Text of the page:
Is an exotic boa constrictor slithering through Congaree National Park? Or is the reported release of the snake a hoax?
After posting on social media about a possible snake release Sunday, park officials said Tuesday they are still trying to confirm whether the report they received from a visitor is accurate. So far, rangers haven’t seen any signs of a boa constrictor, a non-native snake with a reputation for squeezing prey to death.
“There is a lot we just don’t know,’’ park ranger Jon Manchester said. “We are not even sure if they did release a snake. We hope they didn’t. But we are still looking into this whole situation ourselves.’’
Reports of a boa constrictor release alarmed some people who live near the park and prompted calls from others planning to visit Congaree National, which is busy this time of year with people viewing fireflies.
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The park is safe, officials said. But one former state Department of Natural Resources official questioned Tuesday why the park put anything on Facebook since boa constrictors are not particularly dangerous to people, only the animals they feed on.
“If it isn’t dangerous and you don’t have a lot of faith in the report, why would you tell people?’’ asked Steve Bennett, a retired DNR herpetologist. “You are playing into the hands of someone who might be doing this as a hoax.’’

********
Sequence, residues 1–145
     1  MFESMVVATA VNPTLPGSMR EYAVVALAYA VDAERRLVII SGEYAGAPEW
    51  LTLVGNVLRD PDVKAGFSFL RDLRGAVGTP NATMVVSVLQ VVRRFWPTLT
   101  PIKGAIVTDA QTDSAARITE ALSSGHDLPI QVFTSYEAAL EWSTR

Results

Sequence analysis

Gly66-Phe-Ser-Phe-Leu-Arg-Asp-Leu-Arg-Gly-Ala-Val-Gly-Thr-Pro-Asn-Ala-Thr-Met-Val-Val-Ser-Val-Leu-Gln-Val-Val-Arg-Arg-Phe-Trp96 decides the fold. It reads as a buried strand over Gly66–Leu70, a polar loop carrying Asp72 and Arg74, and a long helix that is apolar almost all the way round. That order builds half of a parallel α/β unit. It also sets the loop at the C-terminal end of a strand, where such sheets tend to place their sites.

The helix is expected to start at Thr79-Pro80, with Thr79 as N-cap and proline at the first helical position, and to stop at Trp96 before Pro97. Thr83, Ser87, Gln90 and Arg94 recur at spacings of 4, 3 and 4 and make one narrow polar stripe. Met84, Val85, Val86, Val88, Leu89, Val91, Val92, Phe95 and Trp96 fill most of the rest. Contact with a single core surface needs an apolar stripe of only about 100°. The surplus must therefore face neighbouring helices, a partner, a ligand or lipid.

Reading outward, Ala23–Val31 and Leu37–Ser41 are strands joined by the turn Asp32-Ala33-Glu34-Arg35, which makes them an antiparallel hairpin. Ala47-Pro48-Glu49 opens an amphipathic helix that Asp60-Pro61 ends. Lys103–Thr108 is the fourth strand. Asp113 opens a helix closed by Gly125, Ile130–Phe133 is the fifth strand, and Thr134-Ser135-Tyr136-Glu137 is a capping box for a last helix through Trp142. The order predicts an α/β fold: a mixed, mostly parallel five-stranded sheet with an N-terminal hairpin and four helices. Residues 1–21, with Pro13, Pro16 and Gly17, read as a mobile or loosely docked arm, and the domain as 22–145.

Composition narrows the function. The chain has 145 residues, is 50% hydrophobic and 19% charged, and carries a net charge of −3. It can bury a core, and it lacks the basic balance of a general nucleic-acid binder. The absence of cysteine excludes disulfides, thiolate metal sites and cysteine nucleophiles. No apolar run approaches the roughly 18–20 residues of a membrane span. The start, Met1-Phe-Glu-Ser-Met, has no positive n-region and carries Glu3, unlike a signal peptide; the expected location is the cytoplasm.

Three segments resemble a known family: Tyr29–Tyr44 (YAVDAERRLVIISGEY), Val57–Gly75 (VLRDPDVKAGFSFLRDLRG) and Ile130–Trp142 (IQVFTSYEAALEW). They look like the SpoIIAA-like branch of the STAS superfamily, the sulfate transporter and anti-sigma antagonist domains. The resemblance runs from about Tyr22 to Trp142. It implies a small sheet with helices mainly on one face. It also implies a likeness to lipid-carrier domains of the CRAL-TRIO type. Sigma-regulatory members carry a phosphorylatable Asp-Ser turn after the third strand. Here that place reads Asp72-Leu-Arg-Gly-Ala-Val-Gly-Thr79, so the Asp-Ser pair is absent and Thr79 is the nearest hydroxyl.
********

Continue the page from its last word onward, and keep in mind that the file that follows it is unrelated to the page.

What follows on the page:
Park officials said they made the Facebook post after a visitor reported seeing another person in the park holding a boa constrictor. The person reportedly handling the snake, according to the park, told the other visitor that he planned to release the reptile along the boardwalk in the 27,000-acre nature preserve southeast of Columbia.
Park officials, however, were not able to produce a written report Tuesday with any details. Park officials said they did not have the name of the person who reported the possible release.
“The reason we posted that was to let people know that if they come to the park and see something, to tell us,’’ park ranger Greg Cunningham said. “It was more of an information thing.’’
A major concern with releasing an exotic species like the boa constrictor is that it can change the balance of nature. Some exotic species introduced to parts of the U.S. have killed off some of the native species, either by gobbling up native animals or introducing disease. It also is illegal to release some species into national parks.
Boa constrictors, which are native to Central and South America, can reach eight to nine feet long, but they are not considered threats to people. Their diet includes rats, rabbits and other small mammals. The snakes wrap around victims, squeeze them to death, then devour them.
“A big rabbit is about the biggest thing that this snake is going to take,’’ said Clemson University biologist Patrick McMillan. “They also will eat reptiles.’’
Boa constrictors also are not venomous, like three other native species that inhabit Congaree National Park. The boa is a far smaller snake than the Burmese python, an Asian species now showing up in Florida, that can grow to 23 feet.
If officials confirm that a boa constrictor was released into the national park, it likely would be difficult to find because it is well camouflaged to blend in with forests. Boa constrictors are slow moving reptiles that also hang from trees, McMillan said.. If it is confirmed to have been let go in the park, biologists said they expect cold temperatures would eventually kill the tropical snake next winter.
Bennett said that while it’s possible a snake was released, he was skeptical because of the value of exotic snakes. Boa constrictors have become popular exotic pets that can cost hundreds of dollars.
“I don’t know that we’ll ever know the truth until somebody confesses to this,’’ Bennett said.